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White House to Host Rabin and Arafat : Diplomacy: The two leaders, once bitter enemies, will meet for the first time at the signing of the Israel-PLO accord.

TIMES STAFF WRITERS

Yasser Arafat, the bearded guerrilla leader once barred from the United States as an “accessory to terrorism,” and Yitzhak Rabin, the gruff former general who ordered soldiers to break the arms and legs of Arab militants, have decided to come to Washington for Monday’s signing of the Israel-PLO peace accord, officials announced Saturday.

Secretary of State Warren Christopher said that the scheduled presence of Arafat and Rabin at the White House signing “cements the relationship” between Israel and the Palestinians after almost a century of strife over which people would control a tiny but historic strip of land that is sacred to Judaism, Islam and Christianity.

U.S. organizers of the ceremony, to be attended by a glittering array of American and foreign dignitaries, said it had not yet been decided whether Arafat and Rabin will sign the peace agreement or leave that to lower-ranking officials. But the odds strongly favor signing by Rabin and Arafat, two once-bitter enemies who have never met.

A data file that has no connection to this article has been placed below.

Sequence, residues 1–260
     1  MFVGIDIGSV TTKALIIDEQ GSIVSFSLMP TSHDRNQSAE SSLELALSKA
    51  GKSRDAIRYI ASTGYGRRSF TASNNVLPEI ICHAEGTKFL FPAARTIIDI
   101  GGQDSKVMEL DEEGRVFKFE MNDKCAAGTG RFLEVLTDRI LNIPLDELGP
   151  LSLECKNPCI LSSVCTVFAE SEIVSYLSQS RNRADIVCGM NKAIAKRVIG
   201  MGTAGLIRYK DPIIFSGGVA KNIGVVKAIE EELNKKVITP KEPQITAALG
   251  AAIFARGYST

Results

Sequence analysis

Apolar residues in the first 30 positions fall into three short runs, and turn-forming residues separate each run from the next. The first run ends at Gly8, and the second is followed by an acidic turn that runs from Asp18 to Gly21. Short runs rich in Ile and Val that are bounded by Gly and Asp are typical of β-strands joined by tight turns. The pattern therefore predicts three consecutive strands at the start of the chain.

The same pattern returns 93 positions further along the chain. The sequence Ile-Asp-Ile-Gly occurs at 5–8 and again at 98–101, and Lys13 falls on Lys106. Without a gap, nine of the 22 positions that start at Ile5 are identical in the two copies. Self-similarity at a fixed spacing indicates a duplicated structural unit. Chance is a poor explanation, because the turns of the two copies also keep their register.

State Department spokesman Mike McCurry said the Palestine Liberation Organization informed the Administration on Friday night that Arafat intended to lead the Palestinian delegation. He said that after learning of the PLO plans, Christopher contacted President Clinton and then telephoned Rabin, reaching the prime minister at 1 a.m. Saturday, Washington time, to invite him to attend.

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Although the agreement was negotiated by Israel and the PLO in secret talks in Norway, completely bypassing American mediation, both parties urged the United States to stage the signing ceremony as a symbol of U.S. backing for the peace process.

In an interview Saturday with Israeli television, Christopher acknowledged that Israeli Foreign Minister Shimon Peres had urged him to say that the United States played a major role in brokering the agreement even though it had not actually done so.

“We thought it was good to be accurate about it,” Christopher said, adding that it would not be the truth “if the United States were to try to make this document its own at that point.”

Administration officials said Peres indicated that he wanted to be able to say that the United States pressured Israel into making concessions in order to give the Israeli government some “cover” in dealing with Israeli critics of the pact. The officials said the PLO apparently agreed to the deception for the same reason.

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In Houston on Saturday, Clinton said in his weekly radio address, “On Monday, Israel and the PLO will come to the White House to sign a courageous and historic peace accord, the first step in replacing war with peace and giving the children of the Middle East a chance to grow up to a normal life.”